David H. Holben is a professor of food and nutrition sciences in Ohio University's School of Applied Health Sciences and Wellness.
Aug 19, 2013
By Jody Grenert
David H. Holben, Ohio University professor of food and nutrition sciences, will spend the fall studying links between poverty and poor nutrition on Canada’s Prince Edward Island as part of a Fulbright Award project that he hopes will yield lessons for rural southeast Ohio.
A registered dietitian whose program is part of the College of Health Sciences and Professions, Holben studies food insecurity – defined as the limited availability of and access to nutritionally adequate food for an active and healthy life. While in Canada, he will examine the fruit and vegetable intake and food insecurity among mothers with young children on the island off Canada’s east coast. He will also serve as the visiting research chair of nutrisciences and health at the University of Prince Edward Island in Charlottetown.
“Of all Canadian provinces, Prince Edward Island has the worst level of food insecurity,” Holben said, citing a recent University of Toronto study that reported 1 in 4 children live in households that lack money to buy enough healthy food. “Similar to our Appalachian region, families on Prince Edward Island often have a difficult time making ends meet. Consequently, both their food intake and health suffer.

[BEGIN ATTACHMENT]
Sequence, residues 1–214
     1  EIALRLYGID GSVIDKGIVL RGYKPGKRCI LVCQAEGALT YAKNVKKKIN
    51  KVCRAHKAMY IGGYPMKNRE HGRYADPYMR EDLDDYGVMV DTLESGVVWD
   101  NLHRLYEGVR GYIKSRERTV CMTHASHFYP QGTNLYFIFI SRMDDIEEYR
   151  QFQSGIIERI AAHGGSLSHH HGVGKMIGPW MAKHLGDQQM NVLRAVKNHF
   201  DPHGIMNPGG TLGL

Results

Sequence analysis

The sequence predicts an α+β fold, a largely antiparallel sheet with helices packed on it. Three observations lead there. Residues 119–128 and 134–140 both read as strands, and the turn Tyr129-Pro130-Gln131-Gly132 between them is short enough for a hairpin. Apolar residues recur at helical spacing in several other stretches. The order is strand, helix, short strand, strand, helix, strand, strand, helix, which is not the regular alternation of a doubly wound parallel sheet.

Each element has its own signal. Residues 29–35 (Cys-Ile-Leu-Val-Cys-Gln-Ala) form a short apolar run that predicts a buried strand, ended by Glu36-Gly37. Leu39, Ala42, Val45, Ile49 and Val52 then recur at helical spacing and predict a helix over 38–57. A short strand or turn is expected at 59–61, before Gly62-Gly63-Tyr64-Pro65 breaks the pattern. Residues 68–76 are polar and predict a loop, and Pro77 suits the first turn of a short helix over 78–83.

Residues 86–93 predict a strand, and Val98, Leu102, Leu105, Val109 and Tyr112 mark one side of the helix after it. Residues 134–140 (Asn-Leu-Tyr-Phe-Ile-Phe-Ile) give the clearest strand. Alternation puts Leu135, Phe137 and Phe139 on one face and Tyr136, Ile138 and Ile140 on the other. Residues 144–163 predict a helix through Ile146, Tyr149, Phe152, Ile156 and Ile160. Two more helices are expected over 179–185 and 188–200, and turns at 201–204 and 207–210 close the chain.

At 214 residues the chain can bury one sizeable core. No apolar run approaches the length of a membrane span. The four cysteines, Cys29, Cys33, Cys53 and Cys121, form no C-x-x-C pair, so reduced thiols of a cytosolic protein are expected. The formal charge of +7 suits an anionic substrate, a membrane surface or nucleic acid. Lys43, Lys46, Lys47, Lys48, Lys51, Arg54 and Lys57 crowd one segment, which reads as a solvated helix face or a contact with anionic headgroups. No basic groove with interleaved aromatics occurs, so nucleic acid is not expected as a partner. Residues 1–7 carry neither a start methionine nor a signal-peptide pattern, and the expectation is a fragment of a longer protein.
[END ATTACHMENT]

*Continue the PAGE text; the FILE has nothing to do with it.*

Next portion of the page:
“It is an honor for me to be able to carry out this research with the support of Fulbright Canada, in order to learn more about the problem and help to find solutions,” he said. “Interacting with stakeholders in the region will also promote the exchange of ideas, which will undoubtedly benefit our Appalachian region, as well as my classroom teaching.”
It will be Holben’s second foray northward as a Canada-U.S. Fulbright Scholar. In 2007, he spent several months as the visiting research chair of sustainability at Simon Fraser University in Burnaby, British Columbia. There he explored food security and health status among participants of emergency food programs around Vancouver. He also has received two EcoLeadership Awards from Fulbright Canada for programming in southeast Ohio, including an organic gardening/fruit tree permaculture project, as well as an ecological nutrition lecture series.
The Fulbright Scholar Program sends 900 U.S. faculty and professionals abroad each year. Grantees lecture and conduct research in a wide variety of academic and professional fields. For further information on the program, visit the Fulbright Scholar Web page at http://www.cies.org/us_scholars/.
Jody Grenert (firstname.lastname@example.org) is the communication director for Ohio University’s College of Health Sciences and Professions.